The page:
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A Close-Up on Sooty Mold


Have you ever noticed a plant, fruit or a sidewalk with a black, powder like substance on its surface? Chances are you were looking at Sooty Mold. As its name implies, this fungal disease has a soot-like appearance which one might mistake for an accumulation of dust or the like on a plants’ surfaces



The term “Sooty Mold” does not refer to a specific organism as is mostly the case, it is a collective term for a variety of fungi that colonize on a sugar-rich exudate known as honeydew which is produced by sapsucking insects on the infested host plant. Luckily, all is not lost, and this disease is treatable with the correct care.


The organisms which are responsible for Sooty Mold have been identified as a wide variety of fungi classified under the phylum Ascomycota. Fungi in this phylum all have common physical characteristics: They produce sac-like structures (called asci) which contain the spores needed for sexual reproduction. Not all species under this phylum are plant pathogenic, and many have been found to be beneficial such as Saccharomyces cerevisiae, which is the yeast we use for bread and beer fermentation.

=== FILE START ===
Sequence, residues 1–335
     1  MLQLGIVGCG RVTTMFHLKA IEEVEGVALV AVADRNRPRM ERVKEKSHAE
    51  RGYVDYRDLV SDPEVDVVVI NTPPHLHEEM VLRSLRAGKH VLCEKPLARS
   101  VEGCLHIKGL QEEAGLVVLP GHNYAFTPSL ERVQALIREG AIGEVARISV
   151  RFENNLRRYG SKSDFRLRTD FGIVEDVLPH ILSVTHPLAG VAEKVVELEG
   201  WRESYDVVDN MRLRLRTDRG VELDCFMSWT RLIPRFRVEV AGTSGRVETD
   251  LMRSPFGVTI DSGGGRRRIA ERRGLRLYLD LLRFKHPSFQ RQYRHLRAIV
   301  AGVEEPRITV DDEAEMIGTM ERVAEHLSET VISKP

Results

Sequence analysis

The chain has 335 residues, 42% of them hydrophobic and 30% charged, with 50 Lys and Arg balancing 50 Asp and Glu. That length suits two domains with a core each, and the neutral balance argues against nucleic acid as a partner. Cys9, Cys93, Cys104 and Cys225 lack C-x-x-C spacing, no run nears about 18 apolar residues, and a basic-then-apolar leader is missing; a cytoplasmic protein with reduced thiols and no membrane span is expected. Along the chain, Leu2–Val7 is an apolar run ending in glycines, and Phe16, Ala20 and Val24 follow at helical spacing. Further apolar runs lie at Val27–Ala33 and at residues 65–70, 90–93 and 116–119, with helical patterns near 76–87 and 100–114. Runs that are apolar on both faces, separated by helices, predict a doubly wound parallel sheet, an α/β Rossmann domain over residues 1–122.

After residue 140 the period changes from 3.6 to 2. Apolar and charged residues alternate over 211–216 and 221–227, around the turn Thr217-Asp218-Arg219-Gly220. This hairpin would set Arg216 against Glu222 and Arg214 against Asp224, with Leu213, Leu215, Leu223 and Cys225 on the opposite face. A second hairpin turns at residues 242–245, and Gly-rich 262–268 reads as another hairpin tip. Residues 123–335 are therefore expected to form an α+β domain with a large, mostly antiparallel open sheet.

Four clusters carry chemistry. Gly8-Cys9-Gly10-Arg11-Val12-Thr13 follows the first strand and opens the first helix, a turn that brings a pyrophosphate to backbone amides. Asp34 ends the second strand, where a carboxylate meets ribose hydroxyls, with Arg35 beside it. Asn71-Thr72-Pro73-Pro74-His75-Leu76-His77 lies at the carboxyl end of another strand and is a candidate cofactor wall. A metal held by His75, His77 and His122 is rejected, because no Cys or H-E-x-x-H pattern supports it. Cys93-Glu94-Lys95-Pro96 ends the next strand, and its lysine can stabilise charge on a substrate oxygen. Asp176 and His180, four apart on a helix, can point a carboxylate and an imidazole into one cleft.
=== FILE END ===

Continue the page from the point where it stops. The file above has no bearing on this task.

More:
Common genera which have been found to be included in sooty mold fungi are: Aethaloderma, Capnodium, Cladosporium, Eautennaria, Scorias, Trichomerium, and Alternaria, but many others may also be included. These fungi feed on the mineral dense honeydew, produced by insects, to survive and multiply.


The characteristic black look of sooty mold is due to dark-coloured pigments in the mycelium of the fungus that is present. The fungi will continue to grow and spread via its spores that are blown with the wind or splashed with water to other parts of the plant covered with honeydew where it will colonize further. Warm temperatures and dry conditions will hasten the spread of sooty mold spores as aphids generally produce more honeydew when plants are undergoing moisture stress.